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For indigenous cultures, property is an alien concept. Yet the market-driven industries of the developed world do not hesitate to exploit indigenous raw materials, from melodies to plants, using intellectual property law to justify their behaviour. Existing intellectual property law, for the most part, allows industries to use indigenous knowledge and resources without asking for consent and without sharing the benefits of such exploitation with the indigenous people themselves. It should surprise nobody that indigenous people object.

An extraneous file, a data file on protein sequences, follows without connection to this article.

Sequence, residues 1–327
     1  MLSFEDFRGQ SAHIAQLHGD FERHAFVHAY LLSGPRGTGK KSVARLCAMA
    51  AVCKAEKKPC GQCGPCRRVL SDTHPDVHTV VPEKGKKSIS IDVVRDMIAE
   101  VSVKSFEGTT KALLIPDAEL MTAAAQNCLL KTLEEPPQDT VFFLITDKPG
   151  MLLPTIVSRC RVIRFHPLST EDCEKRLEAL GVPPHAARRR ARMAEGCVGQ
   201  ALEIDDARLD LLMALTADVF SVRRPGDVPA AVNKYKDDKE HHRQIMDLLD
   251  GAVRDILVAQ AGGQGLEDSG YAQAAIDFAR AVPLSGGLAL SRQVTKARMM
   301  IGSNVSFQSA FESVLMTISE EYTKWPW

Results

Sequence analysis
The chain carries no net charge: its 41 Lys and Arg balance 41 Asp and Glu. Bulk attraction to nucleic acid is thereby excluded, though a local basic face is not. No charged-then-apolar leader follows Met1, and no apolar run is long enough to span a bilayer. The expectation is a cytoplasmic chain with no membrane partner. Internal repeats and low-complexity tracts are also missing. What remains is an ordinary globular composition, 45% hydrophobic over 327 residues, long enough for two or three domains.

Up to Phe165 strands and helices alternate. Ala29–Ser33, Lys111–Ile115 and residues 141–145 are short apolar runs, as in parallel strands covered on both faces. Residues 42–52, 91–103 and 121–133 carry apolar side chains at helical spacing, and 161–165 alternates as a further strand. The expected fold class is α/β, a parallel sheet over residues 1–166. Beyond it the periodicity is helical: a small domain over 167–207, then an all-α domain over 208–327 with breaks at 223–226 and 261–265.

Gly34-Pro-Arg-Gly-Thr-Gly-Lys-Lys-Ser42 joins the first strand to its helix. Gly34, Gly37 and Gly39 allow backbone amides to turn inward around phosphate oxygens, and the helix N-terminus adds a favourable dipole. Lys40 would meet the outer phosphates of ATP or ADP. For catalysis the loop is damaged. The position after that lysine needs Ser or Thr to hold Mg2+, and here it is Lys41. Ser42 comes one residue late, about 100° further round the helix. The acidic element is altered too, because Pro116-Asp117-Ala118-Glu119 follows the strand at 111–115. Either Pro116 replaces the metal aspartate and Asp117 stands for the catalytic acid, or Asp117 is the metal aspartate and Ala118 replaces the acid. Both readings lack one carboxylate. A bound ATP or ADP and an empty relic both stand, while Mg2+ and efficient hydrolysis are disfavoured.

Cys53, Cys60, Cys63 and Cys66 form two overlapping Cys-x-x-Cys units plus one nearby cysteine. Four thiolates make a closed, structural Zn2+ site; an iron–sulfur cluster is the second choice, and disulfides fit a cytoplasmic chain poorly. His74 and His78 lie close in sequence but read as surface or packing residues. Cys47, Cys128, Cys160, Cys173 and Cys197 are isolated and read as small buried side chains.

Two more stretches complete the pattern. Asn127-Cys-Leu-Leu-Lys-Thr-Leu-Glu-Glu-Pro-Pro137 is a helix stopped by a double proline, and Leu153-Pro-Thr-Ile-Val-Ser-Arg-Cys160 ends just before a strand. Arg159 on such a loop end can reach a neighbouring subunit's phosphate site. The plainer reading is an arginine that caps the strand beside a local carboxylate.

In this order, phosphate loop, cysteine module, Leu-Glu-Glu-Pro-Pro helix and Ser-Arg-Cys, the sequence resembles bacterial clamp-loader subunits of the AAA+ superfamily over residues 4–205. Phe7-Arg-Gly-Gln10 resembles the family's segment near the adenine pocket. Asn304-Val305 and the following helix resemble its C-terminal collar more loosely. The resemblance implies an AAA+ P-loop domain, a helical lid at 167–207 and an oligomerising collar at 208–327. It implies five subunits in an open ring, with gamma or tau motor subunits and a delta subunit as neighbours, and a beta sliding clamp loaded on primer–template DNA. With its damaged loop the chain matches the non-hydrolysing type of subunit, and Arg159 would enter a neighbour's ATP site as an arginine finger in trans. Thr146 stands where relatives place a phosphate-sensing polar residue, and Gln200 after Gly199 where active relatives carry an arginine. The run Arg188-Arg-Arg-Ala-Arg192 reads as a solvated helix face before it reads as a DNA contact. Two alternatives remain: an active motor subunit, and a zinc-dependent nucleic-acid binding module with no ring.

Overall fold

Recognizing that the commercial exploitation of indigenous knowledge and resources takes place in the midst of a genuine and significant clash of cultures, the eight contributors to this important book explore ways in which intellectual property law can expand to accommodate the interests of indigenous people to their traditional knowledge, genetic resources, indigenous names and designations, and folklore. In so doing they touch upon such fundamental issues and concepts as the following:
This book, here in its second edition, presents the most recent state of knowledge in the field.